Campus Vote Project recruits ASU student poll workers
Updated: Jan 19, 2021
The State Press, Erin Galindo:
Amid an unmistakably momentous election season, Sukhmani Singh, a senior double majoring in political science and sustainability, said this year's heightened and divided political climate has made her realize voting was not the only way to enact change during the 2020 election.
Encouraged by poll working advertisements put out by Undergraduate Student Government Tempe, Singh was hired alongside three other ASU students to become poll worker fellows for the Campus Vote Project.
"I think first and foremost voting is the most important thing," Singh said. "But ... what I've realized this year is, honestly, one of the tenets to making sure you're able to vote is this poll worker position."
As a nonpartisan organization intent on institutionalizing voter turnout among universities across the country, the CVP will be working with ASU for the first time as a part of its new initiative to hire students to recruit young poll workers.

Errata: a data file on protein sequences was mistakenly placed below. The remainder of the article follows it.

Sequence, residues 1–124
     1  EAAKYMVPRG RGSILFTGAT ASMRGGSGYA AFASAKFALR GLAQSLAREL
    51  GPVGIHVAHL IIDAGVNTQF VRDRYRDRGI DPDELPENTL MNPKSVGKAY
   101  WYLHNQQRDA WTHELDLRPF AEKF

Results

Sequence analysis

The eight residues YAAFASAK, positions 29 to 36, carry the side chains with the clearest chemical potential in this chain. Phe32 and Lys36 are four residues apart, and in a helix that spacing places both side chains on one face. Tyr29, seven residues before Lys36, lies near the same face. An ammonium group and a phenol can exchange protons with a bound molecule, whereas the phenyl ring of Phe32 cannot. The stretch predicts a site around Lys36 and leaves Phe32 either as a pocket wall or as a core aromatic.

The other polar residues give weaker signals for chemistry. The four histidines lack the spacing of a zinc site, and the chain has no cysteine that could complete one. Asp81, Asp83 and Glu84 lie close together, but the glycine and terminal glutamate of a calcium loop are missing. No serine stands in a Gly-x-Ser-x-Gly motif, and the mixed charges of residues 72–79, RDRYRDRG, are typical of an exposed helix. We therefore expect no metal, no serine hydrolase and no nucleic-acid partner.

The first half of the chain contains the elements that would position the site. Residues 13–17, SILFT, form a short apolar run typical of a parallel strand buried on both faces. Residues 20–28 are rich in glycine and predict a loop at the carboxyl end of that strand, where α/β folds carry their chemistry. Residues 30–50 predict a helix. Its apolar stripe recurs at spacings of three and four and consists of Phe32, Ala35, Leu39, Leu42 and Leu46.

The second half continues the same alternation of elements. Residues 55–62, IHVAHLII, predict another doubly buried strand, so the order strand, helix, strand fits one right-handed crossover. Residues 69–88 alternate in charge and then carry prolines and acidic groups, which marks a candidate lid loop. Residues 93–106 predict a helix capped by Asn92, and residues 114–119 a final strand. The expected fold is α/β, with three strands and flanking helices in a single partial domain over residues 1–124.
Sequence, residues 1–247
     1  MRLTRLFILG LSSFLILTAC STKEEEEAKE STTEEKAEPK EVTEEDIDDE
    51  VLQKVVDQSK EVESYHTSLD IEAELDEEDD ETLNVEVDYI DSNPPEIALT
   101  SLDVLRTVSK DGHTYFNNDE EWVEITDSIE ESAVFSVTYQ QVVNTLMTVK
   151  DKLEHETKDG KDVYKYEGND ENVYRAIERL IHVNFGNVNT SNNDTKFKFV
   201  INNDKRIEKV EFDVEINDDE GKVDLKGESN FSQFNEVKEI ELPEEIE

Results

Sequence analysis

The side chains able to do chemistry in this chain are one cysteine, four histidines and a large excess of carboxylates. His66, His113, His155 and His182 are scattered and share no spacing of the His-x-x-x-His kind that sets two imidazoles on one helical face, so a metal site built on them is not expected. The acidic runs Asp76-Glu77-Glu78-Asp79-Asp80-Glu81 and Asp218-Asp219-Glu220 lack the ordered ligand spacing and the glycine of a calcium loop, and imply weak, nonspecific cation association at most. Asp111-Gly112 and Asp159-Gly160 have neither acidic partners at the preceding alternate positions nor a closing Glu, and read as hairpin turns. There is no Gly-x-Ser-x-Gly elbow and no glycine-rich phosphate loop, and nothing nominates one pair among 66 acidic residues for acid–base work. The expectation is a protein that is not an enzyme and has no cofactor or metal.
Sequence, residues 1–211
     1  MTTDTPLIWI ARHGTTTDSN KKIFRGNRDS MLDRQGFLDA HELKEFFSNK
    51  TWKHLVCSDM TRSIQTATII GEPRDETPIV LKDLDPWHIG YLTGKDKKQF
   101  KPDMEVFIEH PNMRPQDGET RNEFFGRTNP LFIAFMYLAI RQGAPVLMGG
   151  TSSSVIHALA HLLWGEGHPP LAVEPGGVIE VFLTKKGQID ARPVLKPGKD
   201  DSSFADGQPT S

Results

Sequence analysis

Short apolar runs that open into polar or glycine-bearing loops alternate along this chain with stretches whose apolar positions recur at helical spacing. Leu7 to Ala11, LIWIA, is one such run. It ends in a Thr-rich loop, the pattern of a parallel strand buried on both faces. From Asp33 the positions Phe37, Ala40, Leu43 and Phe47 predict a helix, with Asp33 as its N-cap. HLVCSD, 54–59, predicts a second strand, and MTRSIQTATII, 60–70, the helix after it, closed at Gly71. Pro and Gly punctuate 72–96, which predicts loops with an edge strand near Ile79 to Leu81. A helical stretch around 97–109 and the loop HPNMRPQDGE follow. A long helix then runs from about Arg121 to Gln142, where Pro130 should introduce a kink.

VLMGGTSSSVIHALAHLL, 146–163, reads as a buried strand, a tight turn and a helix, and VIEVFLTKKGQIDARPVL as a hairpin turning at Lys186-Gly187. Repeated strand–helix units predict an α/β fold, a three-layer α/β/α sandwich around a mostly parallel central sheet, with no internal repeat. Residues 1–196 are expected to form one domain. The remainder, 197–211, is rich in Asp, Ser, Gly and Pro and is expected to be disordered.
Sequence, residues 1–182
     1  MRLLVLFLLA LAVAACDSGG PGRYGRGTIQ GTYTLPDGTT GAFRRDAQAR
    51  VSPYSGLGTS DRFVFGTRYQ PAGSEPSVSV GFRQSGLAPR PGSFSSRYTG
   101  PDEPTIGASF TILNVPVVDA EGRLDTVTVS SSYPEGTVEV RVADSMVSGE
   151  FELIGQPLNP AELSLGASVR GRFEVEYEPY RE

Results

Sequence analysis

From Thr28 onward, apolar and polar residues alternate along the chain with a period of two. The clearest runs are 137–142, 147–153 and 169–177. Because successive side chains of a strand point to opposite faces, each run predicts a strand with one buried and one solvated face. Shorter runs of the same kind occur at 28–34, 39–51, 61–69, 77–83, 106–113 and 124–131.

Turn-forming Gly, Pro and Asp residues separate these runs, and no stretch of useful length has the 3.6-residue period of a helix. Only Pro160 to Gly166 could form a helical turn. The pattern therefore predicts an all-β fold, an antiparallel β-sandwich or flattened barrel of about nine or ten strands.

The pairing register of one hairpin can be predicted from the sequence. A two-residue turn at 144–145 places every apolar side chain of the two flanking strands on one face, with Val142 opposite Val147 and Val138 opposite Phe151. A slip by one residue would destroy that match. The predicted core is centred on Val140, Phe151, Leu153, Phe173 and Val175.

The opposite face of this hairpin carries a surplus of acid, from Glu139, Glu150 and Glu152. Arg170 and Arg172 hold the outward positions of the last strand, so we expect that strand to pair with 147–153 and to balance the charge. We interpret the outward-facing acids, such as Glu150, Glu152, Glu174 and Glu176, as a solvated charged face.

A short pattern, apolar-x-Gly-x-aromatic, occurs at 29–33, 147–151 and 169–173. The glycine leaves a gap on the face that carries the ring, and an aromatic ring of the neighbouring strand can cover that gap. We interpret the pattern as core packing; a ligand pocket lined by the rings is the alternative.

During election seasons, poll workers are tasked with setting up and taking down polling locations, assisting voters through the election process, issuing ballots and verifying voter identification and registrations.
But this year, locations across the country, including Maricopa County, reported a shortage of poll workers during the primary election due to the COVID-19 pandemic.
Traditionally, older generations have consistently accounted for a majority of poll workers. They also, according to the Centers for Disease Control and Prevention, account for the age group most susceptible to the more severe consequences of COVID-19.
Zachary Price, the south regional coordinator of student poll workers for the CVP, explained the initiative to recruit students was created as a way to adapt to older poll workers staying home to avoid exposure to the coronavirus.
The CVP reached out to areas it knew needed more poll workers based on conversations with elections officials, including the Maricopa County Recorder's Office.
Read the full article here.